Or so many schisms and sects,
Which foul heresy detects,

the fire of zeal Both in church and common-weal?

No, there's nought on earth I fear That may

force from me one tear. Loss of honours, freedom, health, Or that mortal idol, wealth ; With these, babes may grieved be, But they have no pow'r on me. Less my substance, less the share In my

fear and in my care.

Thus to love, and thus to live, Thus to take, and thus to give, Thus to laugh, and thus to sing, Thus to mount on pleasure's wing, Thus to sport, and thus to speed, Thus to flourish, nourish, feed, Thus to spend, and thus to spare, Is to bid a fig for care.


Seems to have been born about 1590, at Tavistock, in Devon.

shire, educated at Oxford, and afterwards at the Middle Temple, where he published, in 1613, the first part of his “ Britannia's Pastorals." In 1614 was published his “Shepherd's Pipe," and, two years after, the second part of the Pastorals. In 1624 he returned to Exeter college, and became tutor to Robert Dormer, afterwards earl of Carnarvon. He then went into the family of the earl of Pembroke, and is supposed to have died in 1645. An elegant edition of his works, which were become extremely scarce, was published in 1772, in three small volumes, by

Mr. Davies. We are obliged to Brown for having preserved, in his Shep

herd's Pipe, a curious poem by Occleve. Mr. Warton supposes his works to “ have been well known to Milton.”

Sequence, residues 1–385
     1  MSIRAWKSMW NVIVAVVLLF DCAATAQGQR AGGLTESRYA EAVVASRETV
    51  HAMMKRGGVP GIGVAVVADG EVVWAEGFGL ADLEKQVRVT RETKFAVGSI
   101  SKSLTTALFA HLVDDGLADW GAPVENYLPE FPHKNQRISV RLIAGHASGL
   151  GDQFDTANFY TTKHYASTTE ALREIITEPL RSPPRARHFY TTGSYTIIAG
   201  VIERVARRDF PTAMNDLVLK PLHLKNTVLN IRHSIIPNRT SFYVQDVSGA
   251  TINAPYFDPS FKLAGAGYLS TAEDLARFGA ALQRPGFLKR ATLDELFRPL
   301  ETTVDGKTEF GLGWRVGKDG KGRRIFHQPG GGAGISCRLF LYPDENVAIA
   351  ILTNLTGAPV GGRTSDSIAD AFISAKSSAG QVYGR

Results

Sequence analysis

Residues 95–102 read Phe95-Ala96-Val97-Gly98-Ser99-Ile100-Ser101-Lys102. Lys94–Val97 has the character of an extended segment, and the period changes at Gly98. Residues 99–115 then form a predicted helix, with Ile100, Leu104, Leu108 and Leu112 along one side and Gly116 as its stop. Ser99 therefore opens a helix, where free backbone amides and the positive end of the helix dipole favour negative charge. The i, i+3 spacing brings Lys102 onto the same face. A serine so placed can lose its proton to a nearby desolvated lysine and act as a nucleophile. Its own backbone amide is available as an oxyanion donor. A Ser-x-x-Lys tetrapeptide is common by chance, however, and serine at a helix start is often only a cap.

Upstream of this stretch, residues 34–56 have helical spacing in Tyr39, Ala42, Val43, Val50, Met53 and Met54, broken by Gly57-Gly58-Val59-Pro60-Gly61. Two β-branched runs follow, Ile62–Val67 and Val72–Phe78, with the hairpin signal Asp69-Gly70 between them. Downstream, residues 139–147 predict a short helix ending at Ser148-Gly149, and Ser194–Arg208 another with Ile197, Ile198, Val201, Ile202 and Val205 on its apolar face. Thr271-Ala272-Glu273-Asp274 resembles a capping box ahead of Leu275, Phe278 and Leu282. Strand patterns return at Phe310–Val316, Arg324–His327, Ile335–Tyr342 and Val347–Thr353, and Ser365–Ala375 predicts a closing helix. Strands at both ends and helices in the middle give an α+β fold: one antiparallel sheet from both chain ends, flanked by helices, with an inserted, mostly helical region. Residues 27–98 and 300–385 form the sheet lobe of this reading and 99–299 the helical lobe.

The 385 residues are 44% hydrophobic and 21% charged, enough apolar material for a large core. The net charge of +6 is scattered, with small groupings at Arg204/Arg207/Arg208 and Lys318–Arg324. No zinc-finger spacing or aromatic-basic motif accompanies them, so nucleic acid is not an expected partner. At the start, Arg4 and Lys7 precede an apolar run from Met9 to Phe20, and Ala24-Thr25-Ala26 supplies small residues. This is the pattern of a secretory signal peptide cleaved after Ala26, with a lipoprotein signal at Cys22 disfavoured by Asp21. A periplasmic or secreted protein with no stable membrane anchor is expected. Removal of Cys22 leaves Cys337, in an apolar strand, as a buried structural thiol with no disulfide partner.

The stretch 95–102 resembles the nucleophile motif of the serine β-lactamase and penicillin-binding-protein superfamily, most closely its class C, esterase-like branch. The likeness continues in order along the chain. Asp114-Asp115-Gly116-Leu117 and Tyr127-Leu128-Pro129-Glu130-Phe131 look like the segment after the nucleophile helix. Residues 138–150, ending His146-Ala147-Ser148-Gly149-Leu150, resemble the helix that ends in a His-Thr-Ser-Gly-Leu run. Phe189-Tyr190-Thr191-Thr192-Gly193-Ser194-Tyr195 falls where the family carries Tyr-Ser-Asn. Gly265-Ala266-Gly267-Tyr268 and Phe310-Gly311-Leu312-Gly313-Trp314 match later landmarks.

[In Britannia's Pastorals.]
Shall I tell you whom I love ?

Hearken then a while to me:
And if such a woman move

As I now shall versifie,
Be assur'd 'tis she, or none,
That I love, and love alone.

Nature did her so much right,

As she scorns the help of art; In as many virtues dight

As e'er yet embrac'd a heart; So much good, so truly tried, Some for less were deified.

Wit she hath, without desire

To make known how much she hath: And her anger flames no higher

Than may fitly sweeten wrath;
Full of pity as may be,
Though, perhaps, not so to me.

Reason masters every sense,

Aud her virtues grace her birth;
Lovely as all excellence,

Modest in her most of mirth;
Likelihood enough to prove
Only worth could kindle love.

Such she is; and if you know

Such a one as I have sung,
Be she brown, or fair, or-50,

That she be but somewhile young;
Be assur'd 'tis she, or none,
That I love, and love alone.


[From England's Helicon.]

On a hill that grac'd the plain
Thyrsis sate, a comely swain,

Comelier swain ne'er graced a hill;
Whilst his flock, that wander'd nigh,
Cropt the green grass busily,

Thus he tuned his oaten quill :

Ver hath made the pleasant field
Many several odours yield,

Odours aromatical:
From fair Astra's cherry lip
Sweeter smells for ever skip,

They in pleasing passen all.

Leafy groves now mainly ring
With each sweet bird's sonnetting,

Notes that make the echoes long :
But when Astra tunes her voice,
All the mirthful birds rejoice,

And are list'ning to her song,

Fairly spreads the damask rose,
Whose rare mixture doth disclose

Beauties, pencils cannot feign: Yet, if Astra pass the bush, Roses have been seen to blush;

She doth all their beauties stain.

Fields are blest with flow'ry wreath,
Air is blest when she doth breathe,

Birds make happy every grove,
She each bird when she doth sing;
Phæbus heat to earth doth bring,

She makes marble fall in love.


[In the Inner Temple Mask.]

Steer, hither steer, your winged pines,

All beaten mariners !
Here lie love's undiscover'd mines,

A prey to passengers.
Perfumes far sweeter than the best
Which make the phenix' urn and nest,

Fear not your ships,
Nor any to oppose you, save our lips ;

« ElőzőTovább »